Suitability denial

I will need to apply for a contractor clearance with VA. I applied once before 7-8 years ago with a different agency; they never submitted to OPM, they told me over the phone that I was ineligible. I had some financial problem (short sale of home) and admitted drug use 22 years prior. Now I have excellent credit, no financial problems, no drug/alcohol for 29 years. Financial problems were resolved more than 7 years ago. Two questions

  1. What are my chances?
  2. I don’t think I was ever investigated, do I have to say I was denied on the forms?

Thanks very much for any advice.

Who told you that? Was it a contractor? Some contractors are very reluctant to get involved with people that have any blemishes at all on their record.

If you were never submitted, you were never denied. If you never received a letter informing you that you were denied, you were never denied. Some pinhead took it upon himself to decide, is what it sounds like.

I would think with VA you would only need Public Trust, though I’m not sure how that fits in to the new convoluted “Tiered” system.

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Thank you sbusquirrel! I wrote to OPM to get my records as part of the freedom of information act. The OPM letter said that ATF may have info on me but my application was never submitted to OPM, NBIB to conduct a background investigation. They recommended I contact ATF - I have done that and am waiting for a response.

I have a Q for you please:
My family and my wife’s family are both non US citizens and live overseas ( ally nation of the US) do I have a chance of a TS/SCI or I will be wasting my time ?
Thank you Subsquirrel !

If you have immediate family members who are not US citizens and are living overseas then there would definitely be challenges. It becomes easier if they are extended family, but even then it depends on factors like country, occupation, amount of contact, etc… not to say you would be denied, but rather it would be a lengthier process and could result in a denial depending on the agency.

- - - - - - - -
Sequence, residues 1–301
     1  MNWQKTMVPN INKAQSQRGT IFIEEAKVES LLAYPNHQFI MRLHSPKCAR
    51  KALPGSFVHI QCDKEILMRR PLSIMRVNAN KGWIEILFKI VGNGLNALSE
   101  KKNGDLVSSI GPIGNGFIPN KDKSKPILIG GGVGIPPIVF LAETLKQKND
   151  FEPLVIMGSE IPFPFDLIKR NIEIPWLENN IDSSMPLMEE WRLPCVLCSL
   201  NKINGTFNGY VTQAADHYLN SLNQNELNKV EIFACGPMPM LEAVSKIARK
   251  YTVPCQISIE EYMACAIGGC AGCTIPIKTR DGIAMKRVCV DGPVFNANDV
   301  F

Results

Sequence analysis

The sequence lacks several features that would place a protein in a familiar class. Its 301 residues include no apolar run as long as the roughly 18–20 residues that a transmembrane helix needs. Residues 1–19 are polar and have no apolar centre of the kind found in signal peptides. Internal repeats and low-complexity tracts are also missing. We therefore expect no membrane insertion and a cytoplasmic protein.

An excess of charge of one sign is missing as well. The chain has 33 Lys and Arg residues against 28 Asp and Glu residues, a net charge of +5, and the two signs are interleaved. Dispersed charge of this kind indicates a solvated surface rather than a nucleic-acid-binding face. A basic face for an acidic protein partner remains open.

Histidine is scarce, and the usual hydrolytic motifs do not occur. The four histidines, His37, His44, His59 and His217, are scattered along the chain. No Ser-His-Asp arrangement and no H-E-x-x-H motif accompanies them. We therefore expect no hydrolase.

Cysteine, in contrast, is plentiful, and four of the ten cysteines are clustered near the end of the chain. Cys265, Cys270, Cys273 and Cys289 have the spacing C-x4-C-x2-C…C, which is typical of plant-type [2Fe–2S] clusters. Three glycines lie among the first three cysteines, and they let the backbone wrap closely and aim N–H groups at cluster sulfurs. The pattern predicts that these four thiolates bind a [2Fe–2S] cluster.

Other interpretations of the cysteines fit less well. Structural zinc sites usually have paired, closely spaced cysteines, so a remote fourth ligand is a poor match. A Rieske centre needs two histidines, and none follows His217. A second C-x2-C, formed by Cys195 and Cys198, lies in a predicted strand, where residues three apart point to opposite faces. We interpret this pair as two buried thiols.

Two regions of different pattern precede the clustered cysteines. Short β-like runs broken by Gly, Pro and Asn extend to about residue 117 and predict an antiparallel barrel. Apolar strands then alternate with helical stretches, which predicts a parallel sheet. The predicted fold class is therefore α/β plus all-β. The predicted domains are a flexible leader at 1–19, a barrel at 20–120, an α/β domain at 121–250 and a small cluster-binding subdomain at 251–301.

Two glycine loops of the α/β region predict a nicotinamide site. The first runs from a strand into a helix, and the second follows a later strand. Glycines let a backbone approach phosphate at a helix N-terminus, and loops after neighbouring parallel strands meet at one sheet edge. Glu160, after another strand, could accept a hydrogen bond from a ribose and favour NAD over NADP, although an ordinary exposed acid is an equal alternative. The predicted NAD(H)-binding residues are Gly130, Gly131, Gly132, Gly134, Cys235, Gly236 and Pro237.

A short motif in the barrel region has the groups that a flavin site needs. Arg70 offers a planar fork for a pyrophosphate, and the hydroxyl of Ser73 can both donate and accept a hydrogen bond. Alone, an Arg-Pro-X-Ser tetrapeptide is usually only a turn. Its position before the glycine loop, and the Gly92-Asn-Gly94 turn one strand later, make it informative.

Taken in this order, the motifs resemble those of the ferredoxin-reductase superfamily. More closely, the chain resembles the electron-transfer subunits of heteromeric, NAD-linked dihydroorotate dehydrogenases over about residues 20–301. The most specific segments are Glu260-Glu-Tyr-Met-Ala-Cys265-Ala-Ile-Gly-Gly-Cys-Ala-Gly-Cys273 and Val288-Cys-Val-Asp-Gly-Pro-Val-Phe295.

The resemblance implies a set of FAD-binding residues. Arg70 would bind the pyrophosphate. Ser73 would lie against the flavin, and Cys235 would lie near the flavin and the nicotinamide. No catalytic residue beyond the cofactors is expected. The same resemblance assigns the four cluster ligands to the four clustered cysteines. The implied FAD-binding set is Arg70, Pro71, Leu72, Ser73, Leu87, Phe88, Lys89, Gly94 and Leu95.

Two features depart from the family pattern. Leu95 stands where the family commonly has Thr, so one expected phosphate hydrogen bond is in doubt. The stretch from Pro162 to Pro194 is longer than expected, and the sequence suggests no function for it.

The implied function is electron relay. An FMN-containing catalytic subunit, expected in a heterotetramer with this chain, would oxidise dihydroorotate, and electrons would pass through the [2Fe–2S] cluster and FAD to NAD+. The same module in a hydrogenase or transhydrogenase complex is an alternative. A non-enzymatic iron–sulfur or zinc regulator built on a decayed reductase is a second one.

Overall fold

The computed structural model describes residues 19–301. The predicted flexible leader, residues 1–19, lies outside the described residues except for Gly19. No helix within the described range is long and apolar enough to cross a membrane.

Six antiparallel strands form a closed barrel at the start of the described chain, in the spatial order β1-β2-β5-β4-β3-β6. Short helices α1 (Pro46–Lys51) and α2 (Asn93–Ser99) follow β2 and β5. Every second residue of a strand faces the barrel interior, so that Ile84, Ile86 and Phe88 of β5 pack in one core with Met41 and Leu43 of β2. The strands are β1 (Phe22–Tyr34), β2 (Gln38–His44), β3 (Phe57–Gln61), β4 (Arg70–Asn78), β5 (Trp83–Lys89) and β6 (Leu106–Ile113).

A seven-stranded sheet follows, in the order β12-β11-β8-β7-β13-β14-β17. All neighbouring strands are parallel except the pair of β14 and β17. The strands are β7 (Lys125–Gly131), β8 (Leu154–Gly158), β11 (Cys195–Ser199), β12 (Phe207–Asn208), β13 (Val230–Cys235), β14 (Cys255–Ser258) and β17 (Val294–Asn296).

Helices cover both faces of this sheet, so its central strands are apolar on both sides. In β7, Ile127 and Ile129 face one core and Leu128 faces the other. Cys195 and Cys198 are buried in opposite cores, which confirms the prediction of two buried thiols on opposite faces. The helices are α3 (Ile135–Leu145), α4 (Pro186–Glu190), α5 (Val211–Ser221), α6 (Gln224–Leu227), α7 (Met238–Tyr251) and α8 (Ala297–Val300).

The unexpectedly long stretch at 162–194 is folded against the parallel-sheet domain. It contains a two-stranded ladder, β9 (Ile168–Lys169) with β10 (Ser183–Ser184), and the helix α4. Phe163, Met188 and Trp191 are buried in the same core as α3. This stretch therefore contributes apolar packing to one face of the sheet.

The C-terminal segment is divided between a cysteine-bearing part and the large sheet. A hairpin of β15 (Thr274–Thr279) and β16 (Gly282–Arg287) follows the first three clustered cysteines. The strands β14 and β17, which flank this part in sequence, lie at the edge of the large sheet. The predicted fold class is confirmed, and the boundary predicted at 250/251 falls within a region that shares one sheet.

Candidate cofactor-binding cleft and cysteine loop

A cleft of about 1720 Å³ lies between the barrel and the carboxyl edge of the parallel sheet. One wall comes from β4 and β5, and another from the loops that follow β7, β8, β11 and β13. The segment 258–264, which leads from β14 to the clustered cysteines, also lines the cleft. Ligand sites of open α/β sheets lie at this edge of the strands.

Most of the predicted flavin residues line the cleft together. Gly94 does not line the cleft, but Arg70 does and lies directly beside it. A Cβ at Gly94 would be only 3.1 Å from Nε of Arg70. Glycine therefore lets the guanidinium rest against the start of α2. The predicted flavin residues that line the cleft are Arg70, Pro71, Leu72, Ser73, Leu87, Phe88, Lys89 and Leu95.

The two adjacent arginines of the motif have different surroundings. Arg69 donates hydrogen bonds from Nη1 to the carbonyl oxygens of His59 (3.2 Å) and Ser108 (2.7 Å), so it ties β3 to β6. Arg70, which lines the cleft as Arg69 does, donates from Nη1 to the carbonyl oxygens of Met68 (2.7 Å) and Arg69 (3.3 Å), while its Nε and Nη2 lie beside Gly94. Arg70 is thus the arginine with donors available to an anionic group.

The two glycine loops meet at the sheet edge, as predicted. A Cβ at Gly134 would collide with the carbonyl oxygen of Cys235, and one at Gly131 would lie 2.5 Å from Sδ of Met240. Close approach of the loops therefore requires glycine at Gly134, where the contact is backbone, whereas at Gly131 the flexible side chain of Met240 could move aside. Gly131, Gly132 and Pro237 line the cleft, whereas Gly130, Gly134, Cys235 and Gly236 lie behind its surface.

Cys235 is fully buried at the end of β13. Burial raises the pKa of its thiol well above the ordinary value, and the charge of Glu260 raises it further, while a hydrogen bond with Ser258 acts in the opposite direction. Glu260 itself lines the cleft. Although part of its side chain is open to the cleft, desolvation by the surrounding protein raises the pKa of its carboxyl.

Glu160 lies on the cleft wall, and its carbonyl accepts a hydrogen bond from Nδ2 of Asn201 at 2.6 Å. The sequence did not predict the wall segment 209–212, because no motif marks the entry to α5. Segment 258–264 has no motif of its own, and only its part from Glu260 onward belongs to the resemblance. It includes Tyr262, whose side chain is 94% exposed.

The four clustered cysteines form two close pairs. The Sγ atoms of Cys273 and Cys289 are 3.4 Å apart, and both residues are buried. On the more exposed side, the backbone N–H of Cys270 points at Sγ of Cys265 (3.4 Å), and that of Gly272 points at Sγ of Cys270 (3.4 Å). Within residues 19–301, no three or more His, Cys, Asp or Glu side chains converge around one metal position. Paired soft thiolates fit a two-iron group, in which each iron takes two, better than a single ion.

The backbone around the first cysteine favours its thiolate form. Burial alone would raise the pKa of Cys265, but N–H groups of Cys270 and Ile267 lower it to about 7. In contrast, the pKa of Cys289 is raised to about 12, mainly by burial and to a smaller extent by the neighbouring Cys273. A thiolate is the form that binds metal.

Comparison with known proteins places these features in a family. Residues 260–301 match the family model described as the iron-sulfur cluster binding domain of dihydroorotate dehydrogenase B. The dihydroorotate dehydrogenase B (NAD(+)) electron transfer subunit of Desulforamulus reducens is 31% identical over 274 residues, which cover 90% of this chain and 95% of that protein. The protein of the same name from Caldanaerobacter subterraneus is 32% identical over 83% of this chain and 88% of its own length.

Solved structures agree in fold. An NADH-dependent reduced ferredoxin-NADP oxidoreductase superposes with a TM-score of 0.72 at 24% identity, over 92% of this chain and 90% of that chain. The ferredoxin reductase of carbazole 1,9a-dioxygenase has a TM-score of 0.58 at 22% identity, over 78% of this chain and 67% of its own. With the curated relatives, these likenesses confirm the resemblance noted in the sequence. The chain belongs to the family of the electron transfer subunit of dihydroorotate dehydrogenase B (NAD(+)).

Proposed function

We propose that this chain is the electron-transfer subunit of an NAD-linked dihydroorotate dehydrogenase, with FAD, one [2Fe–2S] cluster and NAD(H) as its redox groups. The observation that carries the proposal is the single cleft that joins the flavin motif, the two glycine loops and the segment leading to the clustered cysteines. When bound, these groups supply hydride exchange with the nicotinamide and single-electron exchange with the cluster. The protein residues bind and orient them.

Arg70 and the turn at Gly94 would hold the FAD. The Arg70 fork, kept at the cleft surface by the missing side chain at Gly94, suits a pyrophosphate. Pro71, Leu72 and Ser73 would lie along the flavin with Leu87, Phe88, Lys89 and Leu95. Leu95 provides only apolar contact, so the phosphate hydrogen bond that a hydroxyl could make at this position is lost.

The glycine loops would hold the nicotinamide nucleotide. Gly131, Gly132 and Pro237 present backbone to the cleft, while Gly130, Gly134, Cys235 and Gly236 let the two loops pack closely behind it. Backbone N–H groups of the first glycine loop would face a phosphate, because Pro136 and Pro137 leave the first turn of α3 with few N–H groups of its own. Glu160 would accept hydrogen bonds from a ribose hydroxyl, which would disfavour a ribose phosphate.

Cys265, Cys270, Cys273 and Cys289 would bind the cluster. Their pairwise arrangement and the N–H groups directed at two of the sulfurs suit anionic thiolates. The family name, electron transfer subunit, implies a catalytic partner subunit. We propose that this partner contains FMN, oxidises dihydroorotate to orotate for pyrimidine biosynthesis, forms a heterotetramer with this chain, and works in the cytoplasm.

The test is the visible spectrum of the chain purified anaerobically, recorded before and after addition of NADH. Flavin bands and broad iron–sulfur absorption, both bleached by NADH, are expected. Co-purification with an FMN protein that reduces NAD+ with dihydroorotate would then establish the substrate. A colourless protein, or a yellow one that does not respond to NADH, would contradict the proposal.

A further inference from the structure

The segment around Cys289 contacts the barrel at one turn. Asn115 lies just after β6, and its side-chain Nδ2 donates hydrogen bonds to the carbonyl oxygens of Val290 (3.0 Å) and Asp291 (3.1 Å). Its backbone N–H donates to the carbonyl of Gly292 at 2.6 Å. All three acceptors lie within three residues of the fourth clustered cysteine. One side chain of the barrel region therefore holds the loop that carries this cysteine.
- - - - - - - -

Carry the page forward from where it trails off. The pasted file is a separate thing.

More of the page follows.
Thank you Marko for your reply. Don’t they consider spouse and kids immediate family? If the person is married like in my case? And why would they make the effort and go through the whole process (now at a year and half and counting) and send the person to poly like they did with me? If they will deny it at the end, especially since they saw all of that info in the SF86?

Many thanks!

When you said your family and your wife’s family, that was taken as parents, in-laws and such, You should have said my wife and kids, As far as moving forward, pre-screening of applications are done by hiring managers or HR folks on the front end looking for any glaring obvious disqualifiers. Adjudicators don;t see it until the investigation is fully completed.

Thanks Marko so much for the reply. I apologize for the unclarity , yes it was meant parents and in laws. Hopefully things will turn out favorably especially with super clean record on all levels.

I’ve seen something like this happen. Never underestimate the federal government when it comes to doing inexplicable things.

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Thank you sbusquirrel for your reply. You mean you’ve seen it before that the government granted TS/SCI to someone who’s parents and in laws are not US citizens and live overseas? Maybe there is a glimpse of hope.

No, I was referring to a couple of cases where they made someone go through all the process and then decline to clear them because they had foreign contacts. This was for a specific program though that decided to implement very restrictive security.